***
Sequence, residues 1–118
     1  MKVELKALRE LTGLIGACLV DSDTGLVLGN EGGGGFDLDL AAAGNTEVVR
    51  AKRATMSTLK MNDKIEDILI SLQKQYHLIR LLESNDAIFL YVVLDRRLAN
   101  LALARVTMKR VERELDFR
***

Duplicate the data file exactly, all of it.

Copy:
Sequence, residues 1–118
     1  MKVELKALRE LTGLIGACLV DSDTGLVLGN EGGGGFDLDL AAAGNTEVVR
    51  AKRATMSTLK MNDKIEDILI SLQKQYHLIR LLESNDAIFL YVVLDRRLAN
   101  LALARVTMKR VERELDFR